There is something almost pop-starish about Steve Jobs, the CEO of Apple. For a while, when his health was really suffering, there was a spate of articles about how the company might survive without him and as he strode across the stage at the developers conference no doubt there will be thoughts like that again.
Jobs is so integral to the success of Apple and gives the company a personality that would be difficult to replace. When he tells you that the iPhone 4 is going to be fantastic you find yourself wanting to believe it. If you feel like that you are not alone as the iPad has sold 2m units in just two months and this is for a product that comes at a premium in a tough market.
But people just feel that they have to own the latest Apple product and generally once they have purchased a product the users act as evangelists and demonstrators without further prompting from the vendor and the numbers of people who fall into that category are growing.
But for it to continue Apple not only needs to continue developing quality products that ooze designer values but it needs Jobs at the head and out there on stage selling the vision.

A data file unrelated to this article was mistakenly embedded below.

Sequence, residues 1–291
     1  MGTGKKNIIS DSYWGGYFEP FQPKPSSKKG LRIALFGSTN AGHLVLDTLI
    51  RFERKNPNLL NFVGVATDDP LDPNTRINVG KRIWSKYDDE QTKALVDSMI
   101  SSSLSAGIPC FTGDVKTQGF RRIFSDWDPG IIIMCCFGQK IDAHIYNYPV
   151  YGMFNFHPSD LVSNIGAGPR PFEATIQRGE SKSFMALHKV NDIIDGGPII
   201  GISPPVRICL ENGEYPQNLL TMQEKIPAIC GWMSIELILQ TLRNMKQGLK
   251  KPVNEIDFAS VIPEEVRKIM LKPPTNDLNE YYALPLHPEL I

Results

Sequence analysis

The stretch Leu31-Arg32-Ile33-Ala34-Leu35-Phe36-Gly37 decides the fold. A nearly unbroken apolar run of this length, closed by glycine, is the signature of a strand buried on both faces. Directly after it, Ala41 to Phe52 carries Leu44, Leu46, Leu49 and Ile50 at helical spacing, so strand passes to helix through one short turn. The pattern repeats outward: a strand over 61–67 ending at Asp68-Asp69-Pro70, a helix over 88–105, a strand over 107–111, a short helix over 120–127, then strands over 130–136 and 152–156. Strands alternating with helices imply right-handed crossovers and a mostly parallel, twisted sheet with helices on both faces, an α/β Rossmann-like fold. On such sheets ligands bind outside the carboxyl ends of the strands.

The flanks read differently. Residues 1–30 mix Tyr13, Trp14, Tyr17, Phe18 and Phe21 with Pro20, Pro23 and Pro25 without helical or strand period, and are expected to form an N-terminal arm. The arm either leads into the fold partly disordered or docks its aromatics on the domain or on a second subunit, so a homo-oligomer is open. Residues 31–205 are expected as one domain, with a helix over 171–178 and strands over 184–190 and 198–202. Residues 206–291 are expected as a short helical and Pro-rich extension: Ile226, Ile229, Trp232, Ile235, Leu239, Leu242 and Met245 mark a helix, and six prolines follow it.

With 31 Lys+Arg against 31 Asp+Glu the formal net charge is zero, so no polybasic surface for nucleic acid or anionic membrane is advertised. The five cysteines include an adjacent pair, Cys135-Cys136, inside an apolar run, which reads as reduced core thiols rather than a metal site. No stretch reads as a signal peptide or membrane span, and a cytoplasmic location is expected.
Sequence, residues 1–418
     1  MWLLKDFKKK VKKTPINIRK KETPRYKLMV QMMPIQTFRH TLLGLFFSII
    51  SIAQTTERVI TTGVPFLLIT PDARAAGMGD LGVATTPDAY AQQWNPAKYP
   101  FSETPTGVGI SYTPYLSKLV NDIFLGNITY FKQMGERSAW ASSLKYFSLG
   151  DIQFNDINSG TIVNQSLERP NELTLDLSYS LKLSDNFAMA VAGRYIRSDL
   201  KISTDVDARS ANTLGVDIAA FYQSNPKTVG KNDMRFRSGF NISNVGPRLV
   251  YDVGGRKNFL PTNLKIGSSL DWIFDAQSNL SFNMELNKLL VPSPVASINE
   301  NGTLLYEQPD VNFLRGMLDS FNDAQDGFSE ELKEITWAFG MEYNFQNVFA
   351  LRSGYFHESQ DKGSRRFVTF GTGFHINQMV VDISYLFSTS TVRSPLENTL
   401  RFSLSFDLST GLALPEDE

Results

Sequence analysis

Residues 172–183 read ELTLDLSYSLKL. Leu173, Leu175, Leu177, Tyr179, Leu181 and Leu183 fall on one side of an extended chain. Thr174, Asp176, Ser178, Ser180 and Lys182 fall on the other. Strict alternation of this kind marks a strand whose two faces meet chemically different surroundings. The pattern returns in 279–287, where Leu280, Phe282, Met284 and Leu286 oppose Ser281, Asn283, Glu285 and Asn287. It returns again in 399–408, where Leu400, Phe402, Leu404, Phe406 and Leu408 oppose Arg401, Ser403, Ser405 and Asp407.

He is good, of that there is no doubt, and you can hear the whoops as he talks about the latest release being "the biggest leap since the launch of the iPhone". But as some of the big personalities have proved in the past when they go so does the spotlight on the company.
Sun was never quite the same after Scott McNealy stepped out of the spotlight and would Oracle be the company it was without the personality that is Larry Ellison?
Those of us in the media like to have some big personalities around but vendor boardrooms are clearly drawn into it as well with Jobs acting as an example of how well it can work. Hopefully he can keep showing how it works for sometime to come.
This was first published in June 2010